Teaching Today

What Video Games Can Teach About Teaching

Why have students—many of whom are video-game players—so disliked the virtual learning environments of their colleges and universities? JT Torres asks and suggests some answers.

December 8, 2021
José Antonio Luque Olmedo/istock/getty images plus

The pandemic forced many of us to move into hybrid, technology-mediated teaching, and as we continue our voyage into such spaces, one thing that we in higher ed should remember is that many students have long been quite good at navigating hybrid environments. Really, it’s about time formal education finally catches up.

In his landmark 2003 book What Video Games Have to Teach Us About Learning and Literacy James Paul Gee detailed the ways video games do a better job of facilitating literacy learning than education institutions. Almost 20 years later, his analysis has become incredibly relevant. It would seem that the move toward more hybrid learning environments should have captivated a student demographic primed by video games. But instead, students—many of whom are video-game players—have often hated the virtual learning environments of their universities. Somewhat ironically, the video-game industry is experiencing a resurgence. Prophetically, Gee wrote, “The theories of learning one would infer from looking at schools today comport very poorly with the theory of learning in good video games.”

Now is the perfect time to revisit the principles of why video games are so good at teaching and learning in ways most virtual classes don’t seem to be. Below is a summary of some of those principles.

  • Storying content. Gee discussed meaning as being situated in specific contexts. Knowledge, in other words, only becomes meaningful in certain situations. For instance, I might know the nutritional content of eggs, but that doesn’t mean I know how to scramble them or even prepare a nutritious breakfast. In video games, the concepts and skills a player learns have specific uses in particular moments. Those situated meanings require players to recognize the patterns that indicate how to best apply their newly acquired knowledge. Typically, situated meanings are created via stories. Within those stories, players assume an identity that motivates them to make use of whatever the video game is teaching them.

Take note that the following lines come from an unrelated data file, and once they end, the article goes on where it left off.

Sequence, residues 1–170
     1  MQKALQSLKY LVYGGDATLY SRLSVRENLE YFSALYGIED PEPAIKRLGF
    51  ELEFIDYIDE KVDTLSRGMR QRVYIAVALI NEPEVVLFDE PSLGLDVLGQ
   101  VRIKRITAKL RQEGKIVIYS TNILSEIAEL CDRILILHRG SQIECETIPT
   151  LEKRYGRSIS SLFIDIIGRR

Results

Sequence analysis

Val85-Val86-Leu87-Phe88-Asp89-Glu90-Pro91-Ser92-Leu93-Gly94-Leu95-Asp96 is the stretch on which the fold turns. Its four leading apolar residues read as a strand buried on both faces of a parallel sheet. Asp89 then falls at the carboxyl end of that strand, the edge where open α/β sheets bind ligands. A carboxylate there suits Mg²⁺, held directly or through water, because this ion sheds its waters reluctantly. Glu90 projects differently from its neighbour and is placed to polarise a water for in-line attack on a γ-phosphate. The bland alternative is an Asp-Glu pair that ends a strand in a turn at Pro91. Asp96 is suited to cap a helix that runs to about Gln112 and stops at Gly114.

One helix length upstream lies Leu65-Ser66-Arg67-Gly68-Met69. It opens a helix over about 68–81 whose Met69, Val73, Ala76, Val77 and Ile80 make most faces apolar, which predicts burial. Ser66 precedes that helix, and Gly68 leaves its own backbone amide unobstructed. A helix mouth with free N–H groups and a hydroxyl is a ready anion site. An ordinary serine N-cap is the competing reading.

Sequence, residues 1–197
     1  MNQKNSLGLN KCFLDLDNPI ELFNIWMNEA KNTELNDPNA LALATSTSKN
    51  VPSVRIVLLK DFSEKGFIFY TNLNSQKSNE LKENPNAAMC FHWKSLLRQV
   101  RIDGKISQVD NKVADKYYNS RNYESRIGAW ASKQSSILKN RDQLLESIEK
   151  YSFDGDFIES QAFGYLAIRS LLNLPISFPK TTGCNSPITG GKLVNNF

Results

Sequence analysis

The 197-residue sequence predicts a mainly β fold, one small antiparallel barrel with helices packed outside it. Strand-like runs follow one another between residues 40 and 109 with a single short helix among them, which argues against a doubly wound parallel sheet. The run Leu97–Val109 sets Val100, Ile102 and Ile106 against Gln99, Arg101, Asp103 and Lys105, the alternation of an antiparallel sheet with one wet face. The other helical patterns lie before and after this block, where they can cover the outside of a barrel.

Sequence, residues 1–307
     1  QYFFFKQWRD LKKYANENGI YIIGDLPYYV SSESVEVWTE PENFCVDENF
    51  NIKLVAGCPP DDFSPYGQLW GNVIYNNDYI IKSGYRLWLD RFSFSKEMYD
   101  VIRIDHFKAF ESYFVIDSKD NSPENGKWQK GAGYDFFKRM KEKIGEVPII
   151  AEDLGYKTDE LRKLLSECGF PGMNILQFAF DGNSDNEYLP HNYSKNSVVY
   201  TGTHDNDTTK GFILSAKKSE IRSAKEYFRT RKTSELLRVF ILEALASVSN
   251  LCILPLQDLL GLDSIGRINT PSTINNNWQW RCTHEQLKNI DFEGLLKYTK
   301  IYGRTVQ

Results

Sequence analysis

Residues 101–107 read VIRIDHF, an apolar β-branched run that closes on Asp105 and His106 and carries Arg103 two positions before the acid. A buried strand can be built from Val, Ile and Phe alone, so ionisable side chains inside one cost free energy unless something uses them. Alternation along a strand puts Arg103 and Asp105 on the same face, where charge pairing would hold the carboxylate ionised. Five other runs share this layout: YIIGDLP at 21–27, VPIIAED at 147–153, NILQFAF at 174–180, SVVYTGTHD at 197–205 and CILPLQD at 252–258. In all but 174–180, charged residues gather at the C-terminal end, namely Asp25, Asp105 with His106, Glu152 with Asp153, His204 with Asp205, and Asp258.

• Applying newly learned skills and knowledge. Video games make frequent use of interest-based interaction with knowledge, promoting self-directed mastery. Very rarely do video games ask players to passively listen to and absorb information—instead, they deliver information in usable chunks. At each stage, players practice applying their new learning, first to familiar situations and progressively to novel situations, facilitating transfer.
  • Providing just-in-time feedback. Players typically receive information at the time they need it. Say a player in a particular game is threatened by an oncoming storm. Right at that moment, the game teaches the player how to construct shelter. Other video games might rely on social interactions, often facilitated through popular apps like Discord or GameFAQs. This approach encourages collaboration, allowing players to actively seek information from others when they require it most.
  • Encouraging risk. Of course, the consequences of failing in a video game are much lower than failing an expensive college class that could perhaps even influence one’s career. The low-stakes challenges of video games empower players to try new strategies and discover novel approaches to problem solving.
  • Rewarding failure. When players take risks and fail, they still learn. On a metacognitive level, players realize a gap in ability or knowledge that might motivate them to persist. On a pragmatic level, they learn not only what doesn’t work but also what might work with modification, the foundation of self-regulation.

These principles remind educators that the virtual wheel does not need to be reinvented. We don’t have to be tech savants to understand what grabs students’ attention and inspires them. We don’t even have to use video games or gamify classrooms. Below are some practical translations of the above principles that can work in our classrooms right now, even without Zoom wizardry.